Frog Found in Can of Green Beans Sparks Darkest Fears About What’s REALLY in Our Food (VIDEO)

frog in green beansGloria Chubb was making dinner like it was any other night and opened a can of Meijer green beans to pop in the microwave and serve up with meatloaf, mashed potatoes, and gravy. She didn't notice anything out of the ordinary until her son pointed it out at the dinner table: Something that was definitely NOT a green bean had come out of that can ...

She told her local affiliate of CNN that she "thought it was maybe a piece of moldy bacon or something. Because they have bacon in them sometimes. I had it in my hand because I was trying to figure out what it was. And I took it out of there and it wasn't moldy bacon. It was a toad with parts of his little legs all in the green beans, other than that he was fully intact." Oh yes, it was totally an amphibian! Can you even imagine?!


It's one thing to have to contend with what seems like recall after recall, but now we have to worry about wild animals in our food? You'd think case for eating processed food would be that it was actually, well, processed -- and protected in that it would be inspected more thoroughly than non-processed food. But apparently, not necessarily! Ugh.

Chubb managed to return all her other unopened cans of green beans to the supermarket that sold the can and received a full refund. As for Meijer, they sent her a personal apology and $50 (yay?). But that's not going to change the fact that she's forget scarred by the experience. She said she was nauseous for two days about it and she doesn't think she'll have green beans "anytime soon." Ha! Wow. Can't exactly blame her!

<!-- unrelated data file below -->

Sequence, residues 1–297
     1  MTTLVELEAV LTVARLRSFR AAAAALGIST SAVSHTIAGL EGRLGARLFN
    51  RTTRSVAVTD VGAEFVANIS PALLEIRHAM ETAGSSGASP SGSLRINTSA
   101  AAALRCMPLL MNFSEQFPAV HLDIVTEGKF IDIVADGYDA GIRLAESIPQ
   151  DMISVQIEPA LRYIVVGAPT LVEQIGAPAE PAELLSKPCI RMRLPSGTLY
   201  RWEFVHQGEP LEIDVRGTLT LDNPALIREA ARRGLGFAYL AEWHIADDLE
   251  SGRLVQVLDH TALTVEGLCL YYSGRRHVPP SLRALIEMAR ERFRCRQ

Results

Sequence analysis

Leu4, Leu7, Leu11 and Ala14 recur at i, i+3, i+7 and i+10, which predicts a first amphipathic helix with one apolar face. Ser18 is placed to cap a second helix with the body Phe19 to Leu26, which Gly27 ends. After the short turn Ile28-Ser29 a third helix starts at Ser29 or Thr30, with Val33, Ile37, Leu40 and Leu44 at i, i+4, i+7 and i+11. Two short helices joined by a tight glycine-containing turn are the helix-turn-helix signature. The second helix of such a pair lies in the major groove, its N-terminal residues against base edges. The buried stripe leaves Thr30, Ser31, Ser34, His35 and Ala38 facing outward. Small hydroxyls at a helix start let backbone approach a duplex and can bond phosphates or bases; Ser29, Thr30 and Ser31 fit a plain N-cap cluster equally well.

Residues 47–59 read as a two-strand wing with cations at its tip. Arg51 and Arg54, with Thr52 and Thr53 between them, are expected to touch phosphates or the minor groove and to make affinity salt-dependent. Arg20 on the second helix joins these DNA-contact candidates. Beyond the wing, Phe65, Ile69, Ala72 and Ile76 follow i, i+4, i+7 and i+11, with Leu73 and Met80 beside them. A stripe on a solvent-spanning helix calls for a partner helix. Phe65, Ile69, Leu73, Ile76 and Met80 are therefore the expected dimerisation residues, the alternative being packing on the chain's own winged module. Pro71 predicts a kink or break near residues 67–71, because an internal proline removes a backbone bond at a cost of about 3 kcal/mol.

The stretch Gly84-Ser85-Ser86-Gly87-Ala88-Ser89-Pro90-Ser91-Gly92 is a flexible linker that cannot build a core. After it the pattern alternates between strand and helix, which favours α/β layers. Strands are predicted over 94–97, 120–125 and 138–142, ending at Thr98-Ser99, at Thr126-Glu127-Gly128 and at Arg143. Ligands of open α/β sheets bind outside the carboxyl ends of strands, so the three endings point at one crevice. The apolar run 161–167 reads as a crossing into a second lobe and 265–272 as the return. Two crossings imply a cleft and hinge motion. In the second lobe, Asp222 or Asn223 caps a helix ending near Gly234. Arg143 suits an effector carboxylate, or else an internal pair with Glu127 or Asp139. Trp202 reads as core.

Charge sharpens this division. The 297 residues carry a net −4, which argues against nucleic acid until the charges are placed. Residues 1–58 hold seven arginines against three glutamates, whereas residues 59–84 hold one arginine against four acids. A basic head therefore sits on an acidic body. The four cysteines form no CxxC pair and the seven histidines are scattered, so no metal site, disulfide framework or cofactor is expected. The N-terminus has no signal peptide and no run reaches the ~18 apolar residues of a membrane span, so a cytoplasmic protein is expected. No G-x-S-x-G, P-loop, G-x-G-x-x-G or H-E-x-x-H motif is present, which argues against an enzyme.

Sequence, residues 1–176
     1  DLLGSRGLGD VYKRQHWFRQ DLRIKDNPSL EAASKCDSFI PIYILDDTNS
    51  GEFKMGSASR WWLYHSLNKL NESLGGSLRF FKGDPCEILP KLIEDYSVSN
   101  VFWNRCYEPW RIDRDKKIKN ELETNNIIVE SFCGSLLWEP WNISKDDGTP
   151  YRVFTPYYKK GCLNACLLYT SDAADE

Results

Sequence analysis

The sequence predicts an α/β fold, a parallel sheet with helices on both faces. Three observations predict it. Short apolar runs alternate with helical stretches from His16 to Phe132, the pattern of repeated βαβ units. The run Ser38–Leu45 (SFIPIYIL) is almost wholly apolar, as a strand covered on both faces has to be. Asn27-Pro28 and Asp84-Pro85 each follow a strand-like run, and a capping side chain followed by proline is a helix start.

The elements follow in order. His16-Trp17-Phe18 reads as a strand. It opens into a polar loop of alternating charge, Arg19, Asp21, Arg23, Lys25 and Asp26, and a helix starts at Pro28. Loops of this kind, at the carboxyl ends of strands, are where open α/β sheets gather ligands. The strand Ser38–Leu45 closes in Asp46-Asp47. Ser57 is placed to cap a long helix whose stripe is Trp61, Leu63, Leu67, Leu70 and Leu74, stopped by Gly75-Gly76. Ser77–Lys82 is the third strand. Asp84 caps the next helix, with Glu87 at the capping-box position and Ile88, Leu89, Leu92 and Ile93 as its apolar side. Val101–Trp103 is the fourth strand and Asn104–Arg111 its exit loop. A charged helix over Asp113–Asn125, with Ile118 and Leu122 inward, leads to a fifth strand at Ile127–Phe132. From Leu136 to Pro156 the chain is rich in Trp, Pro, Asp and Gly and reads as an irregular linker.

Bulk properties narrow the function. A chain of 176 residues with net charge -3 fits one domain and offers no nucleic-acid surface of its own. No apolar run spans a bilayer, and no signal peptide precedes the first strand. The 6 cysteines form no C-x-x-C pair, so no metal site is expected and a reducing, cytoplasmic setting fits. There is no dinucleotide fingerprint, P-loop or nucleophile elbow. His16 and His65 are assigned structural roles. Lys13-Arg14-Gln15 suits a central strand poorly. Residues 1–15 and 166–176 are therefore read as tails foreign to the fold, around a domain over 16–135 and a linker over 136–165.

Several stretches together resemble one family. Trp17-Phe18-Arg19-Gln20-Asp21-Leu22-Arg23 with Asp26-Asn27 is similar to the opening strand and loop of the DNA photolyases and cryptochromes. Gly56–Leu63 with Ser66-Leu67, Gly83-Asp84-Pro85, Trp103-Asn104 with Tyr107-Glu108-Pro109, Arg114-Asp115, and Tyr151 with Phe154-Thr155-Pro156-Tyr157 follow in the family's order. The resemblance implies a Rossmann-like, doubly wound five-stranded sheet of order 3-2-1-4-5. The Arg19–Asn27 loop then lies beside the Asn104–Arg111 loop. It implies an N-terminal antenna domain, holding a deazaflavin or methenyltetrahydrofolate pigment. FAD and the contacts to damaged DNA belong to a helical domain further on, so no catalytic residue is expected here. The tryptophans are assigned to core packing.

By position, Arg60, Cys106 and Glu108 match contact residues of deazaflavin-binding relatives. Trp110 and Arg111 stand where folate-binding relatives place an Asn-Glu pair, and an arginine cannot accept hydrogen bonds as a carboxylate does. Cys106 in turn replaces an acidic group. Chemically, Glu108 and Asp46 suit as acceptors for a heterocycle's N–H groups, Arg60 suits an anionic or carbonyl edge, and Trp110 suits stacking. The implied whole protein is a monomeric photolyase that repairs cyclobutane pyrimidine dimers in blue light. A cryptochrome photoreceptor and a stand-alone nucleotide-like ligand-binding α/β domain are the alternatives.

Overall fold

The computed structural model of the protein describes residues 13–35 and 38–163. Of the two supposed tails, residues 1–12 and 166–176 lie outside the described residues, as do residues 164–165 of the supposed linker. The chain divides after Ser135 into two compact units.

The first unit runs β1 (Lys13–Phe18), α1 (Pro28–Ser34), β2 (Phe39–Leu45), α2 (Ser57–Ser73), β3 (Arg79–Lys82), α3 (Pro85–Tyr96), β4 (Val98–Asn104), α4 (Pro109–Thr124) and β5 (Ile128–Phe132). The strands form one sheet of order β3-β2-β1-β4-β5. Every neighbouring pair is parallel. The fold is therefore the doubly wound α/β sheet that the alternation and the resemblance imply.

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Chubb took the frog to St. Joseph County Health Department, where Rita Hooten, food service director, who sent the toad and can down to the Indiana State Department of Health. There, they concluded that it was processed along with the food at the canning plant in Wisconsin. Hooten explained:

When the green beans were picked from the field, it was also placed on a conveyor line and just was accidentally put into the can of green beans during process.

Even further proof that we do need a better food inspection process. I get that Mother Nature "happens," but ick. Just. Ick.

Here's more info on the skin-crawling story:

Has anything similar ever happened to you or someone you know?


Image via WBND

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